The non-credit course, “Introduction to Substitute Teaching,” was developed by a committee of local school administrators and educators in 1993 and is designed to prepare those interested in employment as substitute teachers in Rio Grande Valley schools. The course, required by many Valley schools, covers topics such as classroom management, discipline management, professionalism, teaching techniques, interpreting lesson plans, child development, survival skills and much more. The $55 course fee includes 12 hours of instruction, training materials and a certificate of completion.
“We started this course in 1993 with one instructor because there were concerns about having adequately trained substitute teachers. Now most districts require this type training to substitute in their schools. We had almost 2,000 register for our courses in 2003-04 and we offered 33 classes. Since September 2004, we have trained almost 900 individuals,” said Mary Saenz, program coordinator in the Office of High School to University Services.
Instructing the course are four highly-qualified Valley educators – Socorro Sandoval, special education supervisor, Edinburg CISD; Erika Playle, principal at De La Vina Elementary School, Edinburg CISD; Irma Infante, assistant superintendent, South Texas Technology Inc., Weslaco; and Gilbert Gomez, science coordinator, Pharr-San Juan-Alamo ISD.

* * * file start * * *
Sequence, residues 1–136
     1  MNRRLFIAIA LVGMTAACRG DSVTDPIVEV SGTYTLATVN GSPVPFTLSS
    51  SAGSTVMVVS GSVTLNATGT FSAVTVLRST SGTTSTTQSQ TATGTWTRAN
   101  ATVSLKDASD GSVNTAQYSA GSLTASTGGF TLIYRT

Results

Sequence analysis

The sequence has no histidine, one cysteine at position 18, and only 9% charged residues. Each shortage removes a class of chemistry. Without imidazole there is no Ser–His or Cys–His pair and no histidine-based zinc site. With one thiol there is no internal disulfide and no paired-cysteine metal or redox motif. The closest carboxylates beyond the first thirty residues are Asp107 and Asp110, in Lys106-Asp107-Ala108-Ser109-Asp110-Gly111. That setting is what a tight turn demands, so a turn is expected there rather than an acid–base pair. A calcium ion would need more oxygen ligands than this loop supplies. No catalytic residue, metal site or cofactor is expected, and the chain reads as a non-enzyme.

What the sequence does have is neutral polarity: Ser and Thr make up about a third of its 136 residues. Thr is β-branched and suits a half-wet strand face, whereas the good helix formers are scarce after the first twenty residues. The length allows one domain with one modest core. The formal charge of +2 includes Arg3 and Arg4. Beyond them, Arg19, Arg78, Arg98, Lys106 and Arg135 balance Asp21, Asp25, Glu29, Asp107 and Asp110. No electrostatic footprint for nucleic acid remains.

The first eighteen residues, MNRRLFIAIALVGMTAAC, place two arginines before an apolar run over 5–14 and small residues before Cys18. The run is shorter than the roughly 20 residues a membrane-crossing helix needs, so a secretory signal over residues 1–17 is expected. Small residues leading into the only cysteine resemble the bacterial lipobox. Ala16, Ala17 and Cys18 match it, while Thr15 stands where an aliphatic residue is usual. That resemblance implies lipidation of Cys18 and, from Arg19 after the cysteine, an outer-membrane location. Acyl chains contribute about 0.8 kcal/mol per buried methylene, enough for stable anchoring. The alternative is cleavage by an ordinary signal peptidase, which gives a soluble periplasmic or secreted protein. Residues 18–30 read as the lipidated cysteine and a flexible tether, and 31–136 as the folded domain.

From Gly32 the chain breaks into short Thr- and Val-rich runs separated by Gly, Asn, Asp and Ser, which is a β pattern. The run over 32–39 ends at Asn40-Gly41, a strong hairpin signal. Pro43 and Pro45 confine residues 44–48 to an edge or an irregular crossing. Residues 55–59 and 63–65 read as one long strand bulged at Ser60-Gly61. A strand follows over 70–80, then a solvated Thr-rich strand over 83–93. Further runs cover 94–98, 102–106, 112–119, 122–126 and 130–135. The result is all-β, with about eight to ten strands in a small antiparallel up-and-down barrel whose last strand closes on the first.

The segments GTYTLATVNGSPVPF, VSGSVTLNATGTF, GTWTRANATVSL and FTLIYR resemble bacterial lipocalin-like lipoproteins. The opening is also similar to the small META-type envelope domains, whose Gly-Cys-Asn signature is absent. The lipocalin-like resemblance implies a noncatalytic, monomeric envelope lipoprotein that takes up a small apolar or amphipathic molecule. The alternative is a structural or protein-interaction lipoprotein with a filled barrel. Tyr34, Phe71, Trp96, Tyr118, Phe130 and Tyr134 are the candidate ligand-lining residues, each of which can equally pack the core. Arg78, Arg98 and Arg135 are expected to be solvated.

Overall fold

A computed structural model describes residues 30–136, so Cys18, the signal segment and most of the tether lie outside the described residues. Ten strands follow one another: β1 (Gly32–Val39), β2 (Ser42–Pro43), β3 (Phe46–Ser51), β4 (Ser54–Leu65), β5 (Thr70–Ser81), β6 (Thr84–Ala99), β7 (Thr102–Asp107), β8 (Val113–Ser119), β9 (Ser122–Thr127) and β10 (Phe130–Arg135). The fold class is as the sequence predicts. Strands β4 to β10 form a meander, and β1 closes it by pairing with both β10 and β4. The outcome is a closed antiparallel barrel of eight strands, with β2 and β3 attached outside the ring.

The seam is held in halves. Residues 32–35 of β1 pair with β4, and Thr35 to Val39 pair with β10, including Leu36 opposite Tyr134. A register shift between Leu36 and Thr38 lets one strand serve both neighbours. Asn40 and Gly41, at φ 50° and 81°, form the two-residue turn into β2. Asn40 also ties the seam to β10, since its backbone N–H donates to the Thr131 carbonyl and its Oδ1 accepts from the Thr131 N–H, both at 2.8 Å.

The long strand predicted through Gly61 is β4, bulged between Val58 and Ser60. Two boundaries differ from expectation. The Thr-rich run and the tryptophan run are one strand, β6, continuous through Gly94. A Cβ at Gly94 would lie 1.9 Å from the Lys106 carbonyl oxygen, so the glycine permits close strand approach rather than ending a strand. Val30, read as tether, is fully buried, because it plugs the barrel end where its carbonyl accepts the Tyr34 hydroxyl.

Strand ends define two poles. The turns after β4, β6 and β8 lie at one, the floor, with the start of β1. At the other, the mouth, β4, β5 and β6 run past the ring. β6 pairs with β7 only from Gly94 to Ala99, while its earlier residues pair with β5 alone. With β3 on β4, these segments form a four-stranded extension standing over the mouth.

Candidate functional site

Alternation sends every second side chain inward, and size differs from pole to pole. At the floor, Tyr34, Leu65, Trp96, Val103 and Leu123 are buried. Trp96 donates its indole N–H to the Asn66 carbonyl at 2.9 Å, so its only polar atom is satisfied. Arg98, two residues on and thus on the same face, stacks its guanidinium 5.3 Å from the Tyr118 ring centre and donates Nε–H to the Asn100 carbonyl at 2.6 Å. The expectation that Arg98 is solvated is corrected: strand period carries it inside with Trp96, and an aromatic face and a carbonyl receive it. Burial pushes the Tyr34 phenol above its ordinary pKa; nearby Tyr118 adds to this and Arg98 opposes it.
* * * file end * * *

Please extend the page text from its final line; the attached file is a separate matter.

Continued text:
Gomez, who formerly directed the Teacher Preparation Program at UTPA, said there is still a shortage of substitute teachers.
“As a science coordinator of 38 campuses of preK-12 science teachers, if I bring in a consultant for a day of training, simply for secondary teachers only that is 72 to 90 science teachers that need substitutes for that day. Subs are not just needed for sick days but when teachers are out with conferences and in-service training,” he said.
Gomez said the course is invaluable in preparing a person to teach in today’s classroom.
“They have to be aware of what is appropriate and not appropriate in regards to handling and speaking to children. Also, they are there to teach, not baby-sit. In the class, we go over the TEKS (Texas Essential Knowledge and Skills) – what is essential for children to know – and the TAKS (Texas Assessment of Knowledge and Skills) – that which is assessed,” he said, noting that he tries to give advice based on today’s classroom, which is “learner-centered” rather than “teacher-centered.”
The class is held at the UTPA Annex at 2412 S. Closner in Edinburg. The Thursday, Jan. 6, session is 5:30-9:30 p.m. and the Saturday, Jan. 8, session is 8 a.m.-5 p.m. Attendance at both sessions is required as well as completion of three hours of observation in a classroom within 30 days of completion of the course in order to successfully qualify for the certification. Usually, two sections of the course are offered monthly.
For more information on the course or to register, call 956/292-7570.